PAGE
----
SIMPLE INTEREST • Simple interest is calculated on the initial value invested (principal ), P, at an annual interest rate, r, expressed as a decimal for a period of time, t. The interest is added to the principal at the end of the period. Interest, I = Prt
Parts • simple interest • the money paid on a loan or investment a percent of the principal • Principal • the value of the initial investment or loan • amount • the final or future value of an investment, including the principal and the accumulated Interest • compound interest • the interest paid on the principal and its accumulated interest
SIMPLE INTEREST • Simple interest is calculated on the initial value invested ( principal ), P, at an annual interest rate, r, expressed as a decimal for a period of time, t. The interest is added to the principal at the end of the period. Interest, I = Prt • Amount , A = P + PrtOr in factored form, A = P(1 + rt) • Compound interest is calculated on the accumulated value of the investment, which includes the principal and the accumulated interest of prior periods.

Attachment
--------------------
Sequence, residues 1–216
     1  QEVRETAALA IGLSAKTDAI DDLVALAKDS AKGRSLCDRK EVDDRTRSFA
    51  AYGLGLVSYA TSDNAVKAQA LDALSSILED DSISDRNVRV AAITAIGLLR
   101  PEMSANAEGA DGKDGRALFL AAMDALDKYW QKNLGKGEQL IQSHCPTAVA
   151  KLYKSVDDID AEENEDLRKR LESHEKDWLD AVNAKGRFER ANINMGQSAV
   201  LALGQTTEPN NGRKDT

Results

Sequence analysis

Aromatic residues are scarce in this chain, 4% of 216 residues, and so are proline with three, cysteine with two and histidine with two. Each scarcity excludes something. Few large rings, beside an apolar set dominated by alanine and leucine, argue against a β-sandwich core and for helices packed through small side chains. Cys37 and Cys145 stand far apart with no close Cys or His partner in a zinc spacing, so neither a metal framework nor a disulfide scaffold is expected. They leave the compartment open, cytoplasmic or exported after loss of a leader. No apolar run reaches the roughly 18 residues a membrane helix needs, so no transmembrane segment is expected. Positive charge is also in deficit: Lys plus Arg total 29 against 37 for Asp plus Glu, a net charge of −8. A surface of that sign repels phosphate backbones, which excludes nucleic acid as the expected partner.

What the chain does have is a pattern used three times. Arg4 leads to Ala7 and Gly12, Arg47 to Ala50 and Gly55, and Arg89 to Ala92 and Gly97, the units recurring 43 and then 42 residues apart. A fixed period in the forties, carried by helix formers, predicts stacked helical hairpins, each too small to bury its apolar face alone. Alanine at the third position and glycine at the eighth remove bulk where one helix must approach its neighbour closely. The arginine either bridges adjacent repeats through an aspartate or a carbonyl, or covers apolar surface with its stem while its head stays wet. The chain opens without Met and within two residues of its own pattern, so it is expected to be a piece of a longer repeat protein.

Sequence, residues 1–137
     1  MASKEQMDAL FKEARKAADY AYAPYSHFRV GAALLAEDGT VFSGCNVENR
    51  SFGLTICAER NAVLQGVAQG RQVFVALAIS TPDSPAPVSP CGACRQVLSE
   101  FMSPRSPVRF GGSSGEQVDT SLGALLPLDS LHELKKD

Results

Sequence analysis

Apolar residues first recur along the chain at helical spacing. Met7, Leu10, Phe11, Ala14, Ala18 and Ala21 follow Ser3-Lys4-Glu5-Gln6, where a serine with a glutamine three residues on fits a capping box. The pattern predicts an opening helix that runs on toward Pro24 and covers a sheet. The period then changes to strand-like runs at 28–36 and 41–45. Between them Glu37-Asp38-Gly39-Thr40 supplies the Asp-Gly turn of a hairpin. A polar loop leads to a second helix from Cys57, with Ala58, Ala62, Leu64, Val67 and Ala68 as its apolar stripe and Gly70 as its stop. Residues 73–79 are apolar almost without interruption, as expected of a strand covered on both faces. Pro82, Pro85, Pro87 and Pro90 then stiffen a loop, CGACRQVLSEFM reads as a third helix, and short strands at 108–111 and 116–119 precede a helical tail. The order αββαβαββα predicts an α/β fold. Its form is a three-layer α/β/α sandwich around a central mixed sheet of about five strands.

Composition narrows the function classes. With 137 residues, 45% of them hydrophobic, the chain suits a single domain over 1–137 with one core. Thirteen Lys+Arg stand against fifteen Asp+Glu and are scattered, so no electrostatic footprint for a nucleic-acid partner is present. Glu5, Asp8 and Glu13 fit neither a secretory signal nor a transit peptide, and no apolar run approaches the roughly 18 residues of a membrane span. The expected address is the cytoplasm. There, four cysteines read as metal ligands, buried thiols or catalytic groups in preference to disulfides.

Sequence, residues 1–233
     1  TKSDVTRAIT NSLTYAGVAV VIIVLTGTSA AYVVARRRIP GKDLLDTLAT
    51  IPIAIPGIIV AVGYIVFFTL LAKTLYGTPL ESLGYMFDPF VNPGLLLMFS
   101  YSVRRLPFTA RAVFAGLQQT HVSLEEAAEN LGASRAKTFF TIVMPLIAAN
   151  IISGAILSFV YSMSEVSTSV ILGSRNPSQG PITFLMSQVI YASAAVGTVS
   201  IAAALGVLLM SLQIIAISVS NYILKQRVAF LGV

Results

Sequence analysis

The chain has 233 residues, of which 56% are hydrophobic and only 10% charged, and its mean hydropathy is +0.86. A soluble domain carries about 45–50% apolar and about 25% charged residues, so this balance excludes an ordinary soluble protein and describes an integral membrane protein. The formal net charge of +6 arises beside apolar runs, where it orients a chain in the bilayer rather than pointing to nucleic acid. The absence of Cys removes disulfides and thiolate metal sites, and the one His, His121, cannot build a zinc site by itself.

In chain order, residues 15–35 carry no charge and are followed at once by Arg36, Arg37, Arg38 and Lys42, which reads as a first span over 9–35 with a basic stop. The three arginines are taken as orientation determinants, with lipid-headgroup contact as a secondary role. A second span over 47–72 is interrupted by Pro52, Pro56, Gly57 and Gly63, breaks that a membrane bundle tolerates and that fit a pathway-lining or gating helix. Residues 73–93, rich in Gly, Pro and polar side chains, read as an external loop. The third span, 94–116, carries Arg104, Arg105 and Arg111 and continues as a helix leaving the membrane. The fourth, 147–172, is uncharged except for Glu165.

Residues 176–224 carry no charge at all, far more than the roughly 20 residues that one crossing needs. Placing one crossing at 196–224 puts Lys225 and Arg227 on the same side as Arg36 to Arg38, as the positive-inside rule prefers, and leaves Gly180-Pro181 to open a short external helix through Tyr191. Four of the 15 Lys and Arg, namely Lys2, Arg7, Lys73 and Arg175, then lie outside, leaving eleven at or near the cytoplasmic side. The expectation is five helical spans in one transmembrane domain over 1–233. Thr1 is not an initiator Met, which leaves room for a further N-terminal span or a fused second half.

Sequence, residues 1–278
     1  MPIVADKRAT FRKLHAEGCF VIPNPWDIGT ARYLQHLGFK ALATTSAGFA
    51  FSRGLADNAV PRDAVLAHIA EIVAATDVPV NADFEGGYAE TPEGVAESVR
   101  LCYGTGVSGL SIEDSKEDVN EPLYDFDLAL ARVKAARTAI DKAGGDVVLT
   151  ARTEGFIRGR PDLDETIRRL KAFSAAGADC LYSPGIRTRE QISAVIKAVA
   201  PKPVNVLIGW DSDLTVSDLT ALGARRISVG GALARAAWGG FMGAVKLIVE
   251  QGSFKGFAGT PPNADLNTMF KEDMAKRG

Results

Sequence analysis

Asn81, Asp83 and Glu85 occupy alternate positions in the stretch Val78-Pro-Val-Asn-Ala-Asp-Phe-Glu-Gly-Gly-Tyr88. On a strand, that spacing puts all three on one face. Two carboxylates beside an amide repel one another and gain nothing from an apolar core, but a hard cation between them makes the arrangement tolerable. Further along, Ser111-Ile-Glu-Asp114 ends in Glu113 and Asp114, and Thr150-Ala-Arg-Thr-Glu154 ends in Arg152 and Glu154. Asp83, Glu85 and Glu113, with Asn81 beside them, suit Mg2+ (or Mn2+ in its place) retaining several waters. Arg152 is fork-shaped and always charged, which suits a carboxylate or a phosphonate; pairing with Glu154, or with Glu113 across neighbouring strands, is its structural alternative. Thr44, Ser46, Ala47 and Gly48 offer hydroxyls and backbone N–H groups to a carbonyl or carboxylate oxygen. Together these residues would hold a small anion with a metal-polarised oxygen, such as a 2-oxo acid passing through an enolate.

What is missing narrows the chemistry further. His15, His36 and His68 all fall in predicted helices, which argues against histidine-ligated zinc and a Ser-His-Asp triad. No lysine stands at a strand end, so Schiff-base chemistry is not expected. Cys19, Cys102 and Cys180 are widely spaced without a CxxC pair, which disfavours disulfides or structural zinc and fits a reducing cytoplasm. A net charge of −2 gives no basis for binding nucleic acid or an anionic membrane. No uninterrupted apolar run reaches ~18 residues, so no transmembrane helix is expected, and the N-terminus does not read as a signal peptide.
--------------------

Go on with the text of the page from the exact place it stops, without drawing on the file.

100 IMPLE INTEREST FORMULA Annual interest rate Interest paid I = PRT Time (in years) Principal(Amount of money invested or borrowed)
100 If you invested $200.00 in an account that paid simple interest, find how long you’d need to leave it in at 4% interest to make $10.00. enter in formula as a decimal I = PRT 10 = (200)(0.04)T 1.25 yrs = T Typically interest is NOT simple interest but is paid semi-annually (twice a year), quarterly (4 times per year), monthly (12 times per year), or even daily (365 times per year).
COMPOUND INTEREST FORMULA annual interest rate(as a decimal) Principal(amount at start) time(in years) amount at the end number of times per year that interest in compounded